Examine Your Space
Given that decorative art is made to be used, ask yourself how each individual piece fits into your collection. Questions to ask include:
- How do you style your home now?
- What styles do you naturally gravitate towards? Is your furniture minimalist or extravagant?
- Is your home in need of a particular piece that will complete a room?
- Is the piece functional or strictly decorative?
Establishing & Maintaining Value
Because of the extensive range of objects and forms considered to be decorative art, it is more difficult to generalize determinants of value. However, as with most art and antiques, provenance, condition, and authenticity play an important role.
More specifically, the decorative art market thrives on connoisseurship and personal interest, both of which are driven by rarity, historical value, and uniqueness within a category.
Craftsmen designed decorative objects to be functional for daily use; however, using an older piece for its original intended purpose may compromise the value of your pieces as an investment. Putting flowers in a ceramic vase or allowing guests to sit on antique dining chairs will bring your objects to life, but the pieces will require more consistent upkeep and restoration. Consider modifying your use of a piece depending on its condition, age, and importance.
Impressive provenance and academic references support the credibility and importance of an object. As with any antique, provenance can drastically affect the value of decorative arts. Who owned the piece and their historical significance will greatly influence prices at auction.
In some cases, like with Chinese decorative art objects, collectors who want to see cultural property return to its native country drive up the value of works at auction.
Both an object’s overall rarity and status as a unique creation will determine value. For example, Asian furniture made from Huanghuali wood during the Qing and Ming dynasties is now highly sought after because the material is nearly extinct. In some European furniture, collectors can find certain types of mahogany, oak, and walnut woods whose trees were last seen more than a century ago. If the material can no longer be found, or the maker only created a small number of the objects, the value of the antique may increase.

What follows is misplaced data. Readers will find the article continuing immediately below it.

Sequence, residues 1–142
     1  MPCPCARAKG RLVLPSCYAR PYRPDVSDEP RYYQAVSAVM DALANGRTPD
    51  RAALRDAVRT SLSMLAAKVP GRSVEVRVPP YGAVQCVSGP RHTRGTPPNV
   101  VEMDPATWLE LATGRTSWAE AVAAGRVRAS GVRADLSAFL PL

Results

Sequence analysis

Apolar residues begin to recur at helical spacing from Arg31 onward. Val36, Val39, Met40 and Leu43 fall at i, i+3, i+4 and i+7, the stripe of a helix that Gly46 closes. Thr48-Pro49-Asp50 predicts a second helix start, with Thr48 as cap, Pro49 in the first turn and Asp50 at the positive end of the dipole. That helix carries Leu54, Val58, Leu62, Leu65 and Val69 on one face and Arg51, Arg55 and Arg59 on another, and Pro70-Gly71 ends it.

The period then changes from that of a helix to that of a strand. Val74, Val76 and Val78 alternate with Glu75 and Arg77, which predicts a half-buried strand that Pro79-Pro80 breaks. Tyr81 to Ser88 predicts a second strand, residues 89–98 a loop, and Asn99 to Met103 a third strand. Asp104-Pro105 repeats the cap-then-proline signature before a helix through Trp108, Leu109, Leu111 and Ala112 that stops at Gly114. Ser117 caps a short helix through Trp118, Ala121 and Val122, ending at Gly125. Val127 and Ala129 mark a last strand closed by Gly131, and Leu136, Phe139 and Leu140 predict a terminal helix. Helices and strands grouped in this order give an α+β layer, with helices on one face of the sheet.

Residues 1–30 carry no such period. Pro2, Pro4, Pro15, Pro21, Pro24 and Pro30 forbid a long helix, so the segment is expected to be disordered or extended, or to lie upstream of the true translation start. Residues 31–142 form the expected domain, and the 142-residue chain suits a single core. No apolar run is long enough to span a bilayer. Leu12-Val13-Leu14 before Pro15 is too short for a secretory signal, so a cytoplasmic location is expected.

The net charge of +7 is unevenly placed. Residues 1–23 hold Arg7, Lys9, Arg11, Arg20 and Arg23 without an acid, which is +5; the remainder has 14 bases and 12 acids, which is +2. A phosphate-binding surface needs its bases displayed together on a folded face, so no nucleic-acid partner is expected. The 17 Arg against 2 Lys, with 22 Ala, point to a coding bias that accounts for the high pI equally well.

The most valuable pieces are those that have been maintained in pristine condition through the years. Some level of quality restoration may be acceptable without heavily impacting its value, given that decorative art has likely been used rather than simply put on display.
Many people find signs of wear on antiques charming or consider them proof of authenticity. On the other hand, the better condition a piece is in the more it will be worth.
Authenticity is always critical, and each type of artwork has specific processes to date and qualify works. Certain categories like modern furniture are especially susceptible to false reproductions. Specific characteristics, like type of wood or chemical composition, can be used by experts to ensure you’re getting an authentic piece.
“Don’t speculate that it ‘may’ be from the Song or Ming period,” says Pacific Galleries‘ Decorative Arts Specialist, Mimi Evans. “Employ the old adage, ‘If it seems too good to be true, then it probably is.'”
Tips for Buying Online
You can now easily buy decorative art online from an art and antiques marketplace like Invaluable. Be aware, however, that sales are often final and you will likely not have an opportunity to inspect the item in person. To ensure you’re making a quality purchase, consider following these guidelines:
1. Request a Condition Report & Other Identifying Documents
What does the documentation say?
- What does it prove? Are the sources credible?
- Who has paid for the authentication, and what warranty is extended to you in the case that the attribution is later determined to be false?
- What is the history of the item, and who has owned it?
- Has it been altered, or is it fully intact?
- What damages or restorations exist?
2. Register to bid several days in advance.
Each auction house has its own registration requirements. For example, on Invaluable, you must register to bid and be approved by the specific auction house you are interested in bidding with. The entire process is straightforward, but is better done a day or two in advance of the sale.
3. Familiarize yourself with the terms and conditions of online auctions or galleries.
- How does the auction house handle taxes?
- Will a buyer’s premium be added to the hammer or retail price?
- How will the item be shipped?
- How long do you have to pay for the item?
- How do you contact the auction house, dealer or gallery with questions?
4. Ask Follow Up Questions
If you have a question, ask it, and if the answer is not satisfactory to you, do not bid or buy.
5. Research Past Prices
Make sure your bid is competitive, but not so high that you’d be significantly overpaying.
6. Don’t Bid Unless You’re Sure
All sales at an auction are final. Once you have successfully bid and won your object, the auction house or gallery can provide you with a list of good art handling or shipping companies to ship your item.